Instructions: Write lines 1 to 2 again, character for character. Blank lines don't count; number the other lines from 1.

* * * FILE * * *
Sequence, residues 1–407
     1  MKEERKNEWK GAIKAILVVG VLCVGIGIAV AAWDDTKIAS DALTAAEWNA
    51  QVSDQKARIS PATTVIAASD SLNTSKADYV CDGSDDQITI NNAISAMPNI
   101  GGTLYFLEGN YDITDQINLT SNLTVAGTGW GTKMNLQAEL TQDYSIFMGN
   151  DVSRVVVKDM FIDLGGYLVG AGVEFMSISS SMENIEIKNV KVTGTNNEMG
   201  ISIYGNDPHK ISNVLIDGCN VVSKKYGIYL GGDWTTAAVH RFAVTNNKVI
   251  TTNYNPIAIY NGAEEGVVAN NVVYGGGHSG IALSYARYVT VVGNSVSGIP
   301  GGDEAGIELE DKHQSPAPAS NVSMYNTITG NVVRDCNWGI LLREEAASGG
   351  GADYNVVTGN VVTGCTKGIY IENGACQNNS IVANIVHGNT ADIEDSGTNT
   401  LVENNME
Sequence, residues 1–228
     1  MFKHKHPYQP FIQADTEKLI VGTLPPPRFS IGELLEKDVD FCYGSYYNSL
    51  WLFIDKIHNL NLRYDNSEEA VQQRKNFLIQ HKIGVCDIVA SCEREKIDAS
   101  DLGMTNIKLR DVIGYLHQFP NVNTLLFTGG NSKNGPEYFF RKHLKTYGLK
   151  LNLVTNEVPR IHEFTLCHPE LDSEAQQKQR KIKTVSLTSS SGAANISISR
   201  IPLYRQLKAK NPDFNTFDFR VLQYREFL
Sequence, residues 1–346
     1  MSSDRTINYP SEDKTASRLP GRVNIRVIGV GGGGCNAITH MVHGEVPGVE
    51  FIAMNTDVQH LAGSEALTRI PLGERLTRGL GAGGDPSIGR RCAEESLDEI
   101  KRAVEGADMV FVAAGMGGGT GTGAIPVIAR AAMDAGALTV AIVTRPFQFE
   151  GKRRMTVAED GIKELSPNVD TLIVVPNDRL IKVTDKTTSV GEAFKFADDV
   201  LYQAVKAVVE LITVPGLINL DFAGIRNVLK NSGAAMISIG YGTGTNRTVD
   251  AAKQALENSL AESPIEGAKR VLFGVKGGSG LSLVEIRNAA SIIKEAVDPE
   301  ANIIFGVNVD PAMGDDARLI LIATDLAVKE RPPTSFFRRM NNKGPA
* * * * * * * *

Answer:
Sequence, residues 1–407
     1  MKEERKNEWK GAIKAILVVG VLCVGIGIAV AAWDDTKIAS DALTAAEWNA